Political clubs reflect on issues facing students


Media: Carrie Shang '23 and Anna Carroll '23

Nimala Sivakumar ’23, president of the school’s chapter of Young Democratic Socialists, and Cole Bilotta ’23, president of the Young Republicans Club, discuss the issues that are most important to them and their student organizations.

The midterm elections across the country hold a lot of power in determining the future political balance of power. Here at Hill, students interested in politics are encouraged to share their voice as much as possible. The Young Democratic Socialist Club and the Young Republican Club offer a venue for these discussions. In the race for governor, the House, and Senate, the leaders of these clubs were interviewed for their views of this election. The Young Republicans Club president Cole Bilotta ’23 and Young Democratic Socialists Club president Nimala Sivakumar ’23answered questions and shared their opinions about the major issues facing students.


Q: What do you think are the most important things to do before voting? 

CB: I think looking out for misinformation is very big. For example, where you get your sources like news. Another thing is being aware of specific matters that are important to you and ones that you care about. If you can vote, looking at multiple candidates and researching beforehand is an effective way to keep yourself informed. 

NS: Definitely research, and from credible sources. There are great ways to do this, check the New York Times especially, since we have a free subscription to them as part of the Hill School body. Also, check the process for voting in your state. For some states, this means bringing in ID and proof of residency in that state, for other states, it is entirely different. Also, if the voting booth closes and you are in line, you have the legal right to voteDo not feel the need to leave! You are fulfilling your civic duty.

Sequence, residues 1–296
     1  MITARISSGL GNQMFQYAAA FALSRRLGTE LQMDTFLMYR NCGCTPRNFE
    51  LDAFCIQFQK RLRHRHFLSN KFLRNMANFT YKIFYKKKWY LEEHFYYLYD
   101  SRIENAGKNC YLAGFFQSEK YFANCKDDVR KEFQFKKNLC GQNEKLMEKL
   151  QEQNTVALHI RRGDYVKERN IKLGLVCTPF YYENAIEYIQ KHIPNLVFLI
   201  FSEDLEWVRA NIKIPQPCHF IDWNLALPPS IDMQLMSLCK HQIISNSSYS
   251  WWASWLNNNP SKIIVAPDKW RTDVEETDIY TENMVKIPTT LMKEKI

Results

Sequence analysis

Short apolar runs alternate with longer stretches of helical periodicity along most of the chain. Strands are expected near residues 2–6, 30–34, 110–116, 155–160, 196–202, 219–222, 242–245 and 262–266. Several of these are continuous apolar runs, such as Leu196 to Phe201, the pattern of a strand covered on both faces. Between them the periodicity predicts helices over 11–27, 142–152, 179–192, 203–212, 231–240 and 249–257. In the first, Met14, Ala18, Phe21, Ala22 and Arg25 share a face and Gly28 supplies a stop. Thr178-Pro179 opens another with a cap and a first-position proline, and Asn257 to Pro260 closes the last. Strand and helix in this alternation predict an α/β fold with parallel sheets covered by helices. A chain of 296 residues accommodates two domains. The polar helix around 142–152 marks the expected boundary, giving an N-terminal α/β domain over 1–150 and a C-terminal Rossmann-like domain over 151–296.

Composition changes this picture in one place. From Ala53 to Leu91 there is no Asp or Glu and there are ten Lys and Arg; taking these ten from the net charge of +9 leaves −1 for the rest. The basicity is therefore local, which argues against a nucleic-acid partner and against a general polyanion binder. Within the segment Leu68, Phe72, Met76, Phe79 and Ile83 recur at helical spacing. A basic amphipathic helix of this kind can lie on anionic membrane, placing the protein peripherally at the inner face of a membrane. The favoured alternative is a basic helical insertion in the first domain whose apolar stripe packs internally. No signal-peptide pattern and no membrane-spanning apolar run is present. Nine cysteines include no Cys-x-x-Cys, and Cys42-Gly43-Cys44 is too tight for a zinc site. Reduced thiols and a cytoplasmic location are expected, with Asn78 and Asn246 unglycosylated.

Q: Speaking for your club, if your desired candidate won the election, how would you feel? 

 CB: This is an important election in Pennsylvania as well as throughout the country. The Senate is very tight and if our party won, it would be beneficial to take control. This is important for the future and the values we believe in. 

 NS: For me personally, it would be a matter of the lesser of two evils. This is how I felt during the 2020 presidential election, it was not that I loved Biden, but I would have preferred him over Trump. In that same sense, even if my preferred candidate won, there is still plenty of change that needs to be followed through. 


Q: Do you think the results of this election could personally impact you? 

 CB: Yes, I most definitely do. Like I said, this is an important election, and this determines how our country operates during the next few years leading up to the presidential or larger elections for this country. 

 NS: Definitely. As a soon-to-be college student, turning 18 is something on my mind often. When it comes to some colleges I am applying to, birth control access is one of the things I keep in mind. In some states, IUDs are being put under fire for killing ‘fertilized eggs,’ with the charged term often used being ‘babies.’ Having access to birth control is one of these things that I consider extremely important, and beyond that, since I care for the general, I want to make sure that children and adults have access to the rights they deserve.